Rebuilding Your Staff Team, Part 1 - Welcome back
Tuesday, July 28, 2020
As well as meeting the needs of children, how can settings ensure staff are properly looked after during their return to business as ‘normal’, asks Jo Caswell
Managing an early years setting has always been complex and challenging. However, in the current climate, the pressures placed on leaders are even greater as we try to negotiate these unprecedented times.
As settings start to reopen, leaders have extensive new guidance to adhere to and plan for changes never seen before in the early years. Children returning to settings and reuniting with their friends and staff is lovely to see. But behind all the smiling faces and new ways of playing, leaders have the challenging task of rebuilding their teams and re-motivating their workforce.
Many early years staff will have continued to work throughout the lockdown period, providing a vital role in supporting key-worker families and vulnerable children. At the same time, an equally high number of staff will have been furloughed when settings closed in March. I know of some settings where a small team of staff continued working throughout lockdown while others were on furlough. Leaders must now merge their teams and begin their journey towards the new ‘normality’.
The importance of emotional well-being, in children and adults, cannot be underestimated. Some staff may feel very anxious in leaving the security of their homes and their families and returning to work after so many weeks in lockdown.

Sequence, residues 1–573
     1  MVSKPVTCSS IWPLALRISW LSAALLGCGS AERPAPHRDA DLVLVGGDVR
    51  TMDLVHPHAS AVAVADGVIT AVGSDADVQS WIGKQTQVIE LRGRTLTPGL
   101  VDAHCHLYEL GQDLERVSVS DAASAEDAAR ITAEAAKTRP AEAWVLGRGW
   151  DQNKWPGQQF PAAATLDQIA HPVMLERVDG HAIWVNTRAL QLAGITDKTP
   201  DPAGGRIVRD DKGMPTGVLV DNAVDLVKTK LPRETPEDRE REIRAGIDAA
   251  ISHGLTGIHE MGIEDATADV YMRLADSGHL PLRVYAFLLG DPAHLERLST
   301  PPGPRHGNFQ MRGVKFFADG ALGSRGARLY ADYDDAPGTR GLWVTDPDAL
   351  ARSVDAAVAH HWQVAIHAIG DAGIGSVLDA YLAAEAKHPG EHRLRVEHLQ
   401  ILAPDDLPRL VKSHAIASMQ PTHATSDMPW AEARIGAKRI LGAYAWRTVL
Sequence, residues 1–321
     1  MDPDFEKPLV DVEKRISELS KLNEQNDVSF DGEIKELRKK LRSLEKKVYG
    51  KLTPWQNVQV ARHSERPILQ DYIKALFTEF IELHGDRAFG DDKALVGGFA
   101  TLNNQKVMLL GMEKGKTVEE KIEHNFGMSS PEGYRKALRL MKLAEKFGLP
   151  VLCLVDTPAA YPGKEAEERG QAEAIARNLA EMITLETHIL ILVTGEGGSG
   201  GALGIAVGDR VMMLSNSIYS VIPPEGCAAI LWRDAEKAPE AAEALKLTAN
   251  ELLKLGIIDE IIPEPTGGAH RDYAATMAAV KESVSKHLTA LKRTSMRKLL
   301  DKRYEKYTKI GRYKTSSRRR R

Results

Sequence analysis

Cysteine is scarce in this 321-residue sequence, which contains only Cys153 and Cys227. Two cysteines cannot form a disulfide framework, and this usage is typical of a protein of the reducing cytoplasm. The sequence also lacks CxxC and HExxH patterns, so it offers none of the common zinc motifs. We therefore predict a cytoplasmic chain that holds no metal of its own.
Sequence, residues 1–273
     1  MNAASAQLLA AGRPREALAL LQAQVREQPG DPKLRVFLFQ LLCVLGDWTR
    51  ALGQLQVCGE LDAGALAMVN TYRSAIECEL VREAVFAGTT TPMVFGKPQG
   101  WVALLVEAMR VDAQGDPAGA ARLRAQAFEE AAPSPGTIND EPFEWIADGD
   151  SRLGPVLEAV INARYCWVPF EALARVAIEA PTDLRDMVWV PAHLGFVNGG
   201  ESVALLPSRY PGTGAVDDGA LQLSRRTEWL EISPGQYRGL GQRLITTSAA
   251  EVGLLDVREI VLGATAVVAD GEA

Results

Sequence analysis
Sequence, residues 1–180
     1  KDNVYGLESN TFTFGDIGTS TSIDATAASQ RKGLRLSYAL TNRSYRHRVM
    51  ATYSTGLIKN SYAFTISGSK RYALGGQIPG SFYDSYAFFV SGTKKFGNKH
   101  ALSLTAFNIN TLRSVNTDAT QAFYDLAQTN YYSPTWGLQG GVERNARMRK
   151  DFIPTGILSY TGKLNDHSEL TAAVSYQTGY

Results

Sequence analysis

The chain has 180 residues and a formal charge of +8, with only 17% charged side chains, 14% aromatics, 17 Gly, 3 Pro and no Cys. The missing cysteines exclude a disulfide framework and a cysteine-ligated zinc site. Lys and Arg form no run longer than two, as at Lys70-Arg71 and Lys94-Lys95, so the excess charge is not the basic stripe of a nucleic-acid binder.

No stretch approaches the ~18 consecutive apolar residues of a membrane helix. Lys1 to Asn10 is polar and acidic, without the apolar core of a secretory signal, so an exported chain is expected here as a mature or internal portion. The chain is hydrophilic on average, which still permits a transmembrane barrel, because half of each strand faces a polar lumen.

Leaders will need to reassess the individual needs of every staff member.
What, if anything, has changed for each person? Has he/she been directly affected by the virus? What strategies may need to be put in place to support individuals? One-to-one discussions and team meetings can be used to help identify what help, if anything, is needed. This is a valuable time to reflect on staff well-being and re-assess what each person needs (see case study).
Despite the many challenges involved in managing the reopening of settings, some important lessons have been learnt from those who have remained open throughout lockdown.
Managers have reported to me that staff have quickly adapted to the new ways of working. The ‘social bubbles’ they have adopted reinforce the importance of the key-person system. In line with guidance, small groups of children now stay with consistent adults to minimise the spread of infection across the setting.